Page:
>1. Are there our community garden
>directors that would be willing to share with us their rules/regulations as
Our community garden states that "no chemical pesticides, herbicides,
fertilizers and/or CCA "pressure-treated" wood is permitted in the garden.
Anyone who disregards this requirement forfits their plot IMMEDIATELY" We
have not had any problem with this regulation -- folks are *VERY* willing to
Of course, it is also best to have references avaiable so that folks can
figure out what to do if they have a pest problem. I encourage folks to
call or e-mail me at any time and I make no secret of the fack that I refer
to my Rodale reference books often -- no one should feel that they have to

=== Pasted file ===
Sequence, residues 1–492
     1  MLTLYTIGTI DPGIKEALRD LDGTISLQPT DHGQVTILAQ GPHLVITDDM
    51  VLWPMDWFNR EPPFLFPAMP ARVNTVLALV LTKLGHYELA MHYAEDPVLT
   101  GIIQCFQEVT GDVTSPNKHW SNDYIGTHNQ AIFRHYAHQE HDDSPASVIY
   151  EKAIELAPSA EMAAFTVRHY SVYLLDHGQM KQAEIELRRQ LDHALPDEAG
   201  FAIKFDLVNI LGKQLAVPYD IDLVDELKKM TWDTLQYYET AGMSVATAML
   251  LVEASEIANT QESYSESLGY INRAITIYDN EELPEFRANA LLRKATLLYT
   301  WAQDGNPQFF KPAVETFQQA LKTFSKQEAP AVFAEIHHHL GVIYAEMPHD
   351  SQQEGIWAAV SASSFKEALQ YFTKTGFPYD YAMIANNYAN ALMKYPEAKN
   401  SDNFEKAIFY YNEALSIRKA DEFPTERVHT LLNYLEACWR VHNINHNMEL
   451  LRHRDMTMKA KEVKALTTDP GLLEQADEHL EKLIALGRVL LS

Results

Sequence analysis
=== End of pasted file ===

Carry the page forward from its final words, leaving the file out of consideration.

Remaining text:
remember the intricaties of organic gardening in their head. I also give
out handouts listing the reference books available at the Phoenixville
Library and the phone numbers for the extension agents. Here in PA, the
extension agents are QUITE willing to look up organic solutions to problems
and ecourage folks to ask about it.
In my experience, you can go ahead and require organics with very little to
no controversy among potential gardeners -- especially if folks have small
children to feed. Many low-income folks WANT to buy organic produce for
their kids, but can't afford it. In my experience, they LEAP to the
opportunity to GROW organic for their kids, grandkids, etc as long as you
provide the reference materials so that they can do it properly.
My suggestions is to go for it. I doubt, if you prepare properly, that
you'll have any problems.
Dorene Pasekoff, Coordinator
St. John's United Church of Christ Organic Community Garden
A mission of
St. John's United Church of Christ, 315 Gay Street, Phoenixville, PA 19460
community_garden maillist - firstname.lastname@example.org